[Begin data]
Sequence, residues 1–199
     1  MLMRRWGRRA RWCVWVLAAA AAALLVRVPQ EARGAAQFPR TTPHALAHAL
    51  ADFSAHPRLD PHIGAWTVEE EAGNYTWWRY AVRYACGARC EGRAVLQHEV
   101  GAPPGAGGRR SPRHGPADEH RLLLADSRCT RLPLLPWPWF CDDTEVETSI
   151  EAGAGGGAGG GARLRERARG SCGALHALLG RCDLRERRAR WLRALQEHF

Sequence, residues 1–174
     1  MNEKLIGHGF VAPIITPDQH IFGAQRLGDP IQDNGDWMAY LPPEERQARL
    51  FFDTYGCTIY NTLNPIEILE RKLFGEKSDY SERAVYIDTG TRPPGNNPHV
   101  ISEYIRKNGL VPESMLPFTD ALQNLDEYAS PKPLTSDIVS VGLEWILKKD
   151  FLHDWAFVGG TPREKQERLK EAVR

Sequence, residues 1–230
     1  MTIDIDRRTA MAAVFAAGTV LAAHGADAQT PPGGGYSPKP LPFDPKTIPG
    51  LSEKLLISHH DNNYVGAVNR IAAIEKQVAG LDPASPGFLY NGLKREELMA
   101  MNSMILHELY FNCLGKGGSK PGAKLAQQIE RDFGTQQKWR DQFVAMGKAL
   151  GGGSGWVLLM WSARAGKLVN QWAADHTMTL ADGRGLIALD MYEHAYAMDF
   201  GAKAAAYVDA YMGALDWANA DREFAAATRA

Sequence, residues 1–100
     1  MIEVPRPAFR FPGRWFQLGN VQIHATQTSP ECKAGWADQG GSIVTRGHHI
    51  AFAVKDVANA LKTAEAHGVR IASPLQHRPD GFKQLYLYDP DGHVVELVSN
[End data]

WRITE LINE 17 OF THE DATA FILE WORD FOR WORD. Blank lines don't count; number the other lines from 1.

Sequence, residues 1–100